Tuesday, 15 March 2016

Jodrell Bank

Jodrell Bank Radio Telescope has come a long way from when in 1945 Bernard Lovell  (after his war time work on radar) was researching cosmic waves with an ex-military radar detector unit at the University of Manchester, with difficulty, because there was too much electric interference from the city's trams.  The Botany Department had an outpost at Jodrell Bank so he decamped out here and arrived at a muddy field on the Cheshire plain, expecting to be here for a couple of weeks, but eventually proceeding to build his telescope with used equipment left over from World War II.  He was told by the firms he contacted that what he was proposing was impossible but in 1949 found an ally in a bridge builder, Charles Husband, who said it was difficult but not impossible.
The whole telescope rotates on circular railway tracks, the bowl (which rather excitingly started to move while we were perambulating around it)
is supported on either side by two towers and can be tilted at any angle. The telescope became fully operational in 1957 just in time to follow the launch of the world's first artificial satellite, Sputnik 1, by the Russians.  The bowl is in the shape of a paraboloid and gathers the incoming radio waves from space.  If you can pick out the two small dishes in the gloom at either side of the base of the telescope in the first photograph
Whispering Dish
these are two miniature paraboloid dishes where one can whisper a message to a friend and discover why the shape is so important.   Today Jodrell Bank Telescope has been renamed in honour of Bernard Lovell (1913-2012) which even now, all these years later, is one of the biggest and most powerful radio telescopes in the world and has gone on from work on quasars and pulsars to things not even guessed about back then.  Apart from his contribution to radio astronomy (for which he was knighted in 1961) Lovell was a great communicator and that tradition continues with the  
Discovery Centre, here I am outside the Planet Pavilion which explains the wonders of the universe and the Jodrell Bank telescopes, not to mention interactive objects to while away a gloomy December day. Then to move outside to enjoy one of Bernard Lovell's other interests
trees (I think this one is a Whitebeam). He opened the Arboretum in 1972 and there is a large acreage to wander around containing the national collection of Sorbus and Malus
In 2011 they opened the Galaxy Garden designed by the gardener Chris Beardshaw which tells the story of the formation of the galaxy in seven key stages. The story in plants surrounds a mound inlaid with a chalk motif of the galaxy which can be seen on the gate notice above.  Wondering why I did not get up close and personal?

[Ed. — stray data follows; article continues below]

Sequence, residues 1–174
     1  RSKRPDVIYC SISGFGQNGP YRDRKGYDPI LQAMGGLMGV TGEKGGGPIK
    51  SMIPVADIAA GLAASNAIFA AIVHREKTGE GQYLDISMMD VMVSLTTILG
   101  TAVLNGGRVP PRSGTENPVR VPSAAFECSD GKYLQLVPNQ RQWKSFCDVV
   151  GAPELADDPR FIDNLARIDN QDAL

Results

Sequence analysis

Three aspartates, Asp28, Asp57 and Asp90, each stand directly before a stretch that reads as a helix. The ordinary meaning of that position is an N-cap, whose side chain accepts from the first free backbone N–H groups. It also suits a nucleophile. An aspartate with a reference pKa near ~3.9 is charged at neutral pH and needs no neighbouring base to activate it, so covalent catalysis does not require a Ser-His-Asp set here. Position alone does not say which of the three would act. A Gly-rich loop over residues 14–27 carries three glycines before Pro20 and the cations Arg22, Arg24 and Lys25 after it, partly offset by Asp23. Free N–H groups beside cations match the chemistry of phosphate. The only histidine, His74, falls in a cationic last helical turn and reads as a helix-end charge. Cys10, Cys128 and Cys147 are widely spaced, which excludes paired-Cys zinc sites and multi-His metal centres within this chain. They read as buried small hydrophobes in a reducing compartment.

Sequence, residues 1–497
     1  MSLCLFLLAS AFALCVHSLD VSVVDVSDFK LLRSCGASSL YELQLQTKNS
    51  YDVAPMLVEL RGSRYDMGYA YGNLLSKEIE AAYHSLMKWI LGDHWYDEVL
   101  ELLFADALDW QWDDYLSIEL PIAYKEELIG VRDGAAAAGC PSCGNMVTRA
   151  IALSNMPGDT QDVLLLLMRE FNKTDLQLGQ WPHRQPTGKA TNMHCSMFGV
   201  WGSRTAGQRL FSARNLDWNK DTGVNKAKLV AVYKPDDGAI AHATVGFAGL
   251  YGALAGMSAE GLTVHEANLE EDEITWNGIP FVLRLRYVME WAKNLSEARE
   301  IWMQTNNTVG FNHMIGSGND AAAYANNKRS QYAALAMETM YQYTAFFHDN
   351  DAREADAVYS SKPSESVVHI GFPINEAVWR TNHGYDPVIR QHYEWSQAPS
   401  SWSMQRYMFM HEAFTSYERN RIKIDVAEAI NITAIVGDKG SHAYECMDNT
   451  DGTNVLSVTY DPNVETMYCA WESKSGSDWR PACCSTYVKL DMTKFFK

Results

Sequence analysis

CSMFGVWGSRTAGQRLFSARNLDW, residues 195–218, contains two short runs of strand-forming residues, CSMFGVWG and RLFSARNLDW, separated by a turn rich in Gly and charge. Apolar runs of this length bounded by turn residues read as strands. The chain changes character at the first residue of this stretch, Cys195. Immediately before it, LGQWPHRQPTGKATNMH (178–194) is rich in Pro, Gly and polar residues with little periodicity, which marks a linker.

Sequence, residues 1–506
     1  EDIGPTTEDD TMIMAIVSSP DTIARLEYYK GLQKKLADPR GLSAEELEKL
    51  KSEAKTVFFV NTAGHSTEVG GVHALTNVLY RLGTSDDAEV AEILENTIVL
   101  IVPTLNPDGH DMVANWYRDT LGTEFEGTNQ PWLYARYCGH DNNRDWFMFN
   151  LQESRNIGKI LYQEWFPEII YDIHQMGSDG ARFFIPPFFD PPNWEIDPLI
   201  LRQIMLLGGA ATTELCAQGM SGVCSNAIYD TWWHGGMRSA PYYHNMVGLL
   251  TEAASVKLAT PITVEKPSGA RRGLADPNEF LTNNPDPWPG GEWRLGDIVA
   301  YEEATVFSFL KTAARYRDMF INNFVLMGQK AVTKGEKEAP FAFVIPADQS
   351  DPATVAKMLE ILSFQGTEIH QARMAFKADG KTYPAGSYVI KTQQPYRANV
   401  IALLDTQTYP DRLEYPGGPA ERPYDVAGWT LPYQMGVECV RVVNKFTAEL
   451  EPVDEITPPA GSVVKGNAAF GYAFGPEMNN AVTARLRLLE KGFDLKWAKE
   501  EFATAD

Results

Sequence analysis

Inappropriate footwear in one of the wettest winters on record
Here is the Birth of the Planets, the grass is clumps of dust particles starting to gather together.  You will just have to imagine the flowering perennials representing the protoplanets clashing together.  We all agreed that a return in the Spring would be a more interesting time and also the apple trees would be in blossom
so enjoyed a few surprises, the trees and of course
the radio telescope.

An entry to ABC Wednesday, a journey through the alphabet, this week sojourning at J here


carol l mckenna said...

What a fascinating and informative post ~ and great photos!

Happy Week to you ~ ^_^

Shooting Parrots said...

Great post Joy. I'm ashamed to say that I've never visited Jodrell Bank even though it is less than an hour's drive from where I live. Doubly so since it is where my cousin trained as an astronomer. Thanks for reminding me to put it on my list of things to see and do!

Rajesh said...

Very lovely place with such wonderful dishes.

Melody Steenkamp said...

Fascinating are they, don't you think? Not to far from were i live these things stand in a field too

Wonderful photos'

Have a nice ABC-Wedneday-day / – week
♫ M e l ☺ d y ♫ (abc-w-team)

Reader Wil said...

I am impressed when I see those gigantic telescopes. In my country we have a big one in Drenthe not far from Melody's home.
Have a great week.
Wil, ABCW Team.

Anonymous said...

Huge construction! But I like it that they have surrounded it with people-friendly things like trees and birds:) And the sign made me chuckle:)

Also, Joy, I finished the painting finally of the photo you let me use, it's going to be in one of the next weeks, but I'll alert you to when I post it:)

Roger Owen Green said...

SCIENCE! love it.


Su-sieee! Mac said...

Thank goodness for people like Lovell and Husband who are determined to plug through the "difficult but not impossible".